By Orville Williams
Passengers arriving in Antigua and Barbuda will now be allowed to complete only one week of quarantine – instead of the previous two weeks – once they can prove that they have been fully vaccinated and test negative for Covid-19.
The Cabinet announced that adjustment to the regulations yesterday, joining many countries around the world that are allowing increased freedoms to people who have been vaccinated against the virus.
Along with valid proof of their two-dose, or in the case of some, single dose vaccinations, incoming travelers will be expected to provide a negative Covid-19 PCR test on arrival at the VC Bird International Airport, before being placed into a mandatory seven-day quarantine.
On the fifth day of the quarantine, each traveler will be required to take another PCR test and will then be allowed into the population after completing the seven days if the test returns negative. If the test should return positive, the individual will be isolated as per the existing quarantine protocols.
This will come as welcome news to nationals who reside abroad and residents who travel frequently, as many have complained that the two-week quarantine was not only expensive, but also inconvenient for those looking to do business.
Tourists, however, would still be allowed to “quarantine” at their hotels, which are still considered bio-secure facilities.
Concerns have been raised about the rush to travel, given the sustained periods of lockdown in many countries, and the fact that some unscrupulous persons may look to exploit the allowances being given by countries such as Antigua and Barbuda, by producing falsified vaccination documentation.
Considering this recent change in the regulations, Cabinet Spokesperson and Information Minister, Melford Nicholas, was questioned how the authenticity of that vaccine information would be determined.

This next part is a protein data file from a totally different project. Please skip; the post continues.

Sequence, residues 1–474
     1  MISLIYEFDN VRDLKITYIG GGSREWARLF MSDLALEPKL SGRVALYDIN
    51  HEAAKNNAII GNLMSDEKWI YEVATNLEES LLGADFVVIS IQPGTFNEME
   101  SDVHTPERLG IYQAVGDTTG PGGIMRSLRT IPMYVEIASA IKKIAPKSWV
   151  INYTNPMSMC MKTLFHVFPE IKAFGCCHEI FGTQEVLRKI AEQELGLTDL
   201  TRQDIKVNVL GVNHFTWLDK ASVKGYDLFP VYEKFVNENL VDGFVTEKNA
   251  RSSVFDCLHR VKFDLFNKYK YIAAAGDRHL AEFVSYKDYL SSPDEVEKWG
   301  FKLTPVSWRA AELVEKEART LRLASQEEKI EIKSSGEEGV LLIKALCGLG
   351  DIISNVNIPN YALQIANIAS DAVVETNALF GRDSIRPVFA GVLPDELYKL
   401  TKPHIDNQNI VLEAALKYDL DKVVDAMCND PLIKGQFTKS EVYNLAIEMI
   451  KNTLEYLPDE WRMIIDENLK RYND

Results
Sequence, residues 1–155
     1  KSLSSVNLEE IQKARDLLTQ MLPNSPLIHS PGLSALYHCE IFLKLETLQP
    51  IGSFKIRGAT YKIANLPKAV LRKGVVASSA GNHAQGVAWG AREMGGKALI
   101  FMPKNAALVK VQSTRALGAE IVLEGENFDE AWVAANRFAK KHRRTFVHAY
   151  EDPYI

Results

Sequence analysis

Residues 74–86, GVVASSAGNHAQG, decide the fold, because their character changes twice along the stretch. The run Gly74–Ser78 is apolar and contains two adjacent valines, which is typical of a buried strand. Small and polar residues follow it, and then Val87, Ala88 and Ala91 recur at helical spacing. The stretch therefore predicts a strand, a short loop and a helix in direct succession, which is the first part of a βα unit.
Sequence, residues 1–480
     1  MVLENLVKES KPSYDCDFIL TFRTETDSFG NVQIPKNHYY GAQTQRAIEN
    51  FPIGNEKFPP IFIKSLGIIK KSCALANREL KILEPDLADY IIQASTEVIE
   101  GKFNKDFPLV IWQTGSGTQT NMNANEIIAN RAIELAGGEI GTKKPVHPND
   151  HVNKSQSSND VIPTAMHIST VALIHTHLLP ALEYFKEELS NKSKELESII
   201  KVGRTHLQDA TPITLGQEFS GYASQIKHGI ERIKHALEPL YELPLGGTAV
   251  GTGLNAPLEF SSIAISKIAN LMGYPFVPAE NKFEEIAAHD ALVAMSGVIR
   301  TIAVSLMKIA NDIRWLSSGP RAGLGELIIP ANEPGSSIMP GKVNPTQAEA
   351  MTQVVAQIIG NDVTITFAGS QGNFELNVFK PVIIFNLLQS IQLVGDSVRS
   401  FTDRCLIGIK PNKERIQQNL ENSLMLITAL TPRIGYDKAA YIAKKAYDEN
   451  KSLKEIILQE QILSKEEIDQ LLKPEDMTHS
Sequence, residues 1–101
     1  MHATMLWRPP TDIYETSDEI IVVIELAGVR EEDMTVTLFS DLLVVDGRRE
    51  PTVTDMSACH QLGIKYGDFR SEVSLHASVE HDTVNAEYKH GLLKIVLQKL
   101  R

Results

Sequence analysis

He explained that the ‘vaccine passport’ concept would be relied on in the long term, with countries having digital access to the information that is, for now, largely being produced through a physical document.
“[This] is certainly an issue for all jurisdictions, [and] what is being contemplated is a global repository…where one would be able to access the information, to validate or authenticate the presentation of a physical document,” he said.
Until that is finalised and put in place though, Nicholas said the country will rely upon the experience of the port health personnel, who he says would have been gathering that experience since earlier in the pandemic.
“As of last June, when we opened the borders, the port health would have aggregated some experience, in terms of being able to filter some of these false representations and they will build upon that.
“It’s the same thing that a computer model will do – referring to artificial intelligence – they will look at past experiences and look at these flaws.
“The real foolproof mechanism, [however], would be to be able to be participating in a global vaccine passport.”
Nicholas added that the vaccine information will likely be linked through the International Air Transport Association (IATA) platform – which is accessed by border authorities globally – to ensure that authorities in each receiving country can view data from the country of origin, toward authenticating any vaccination information presented by a traveller on arrival.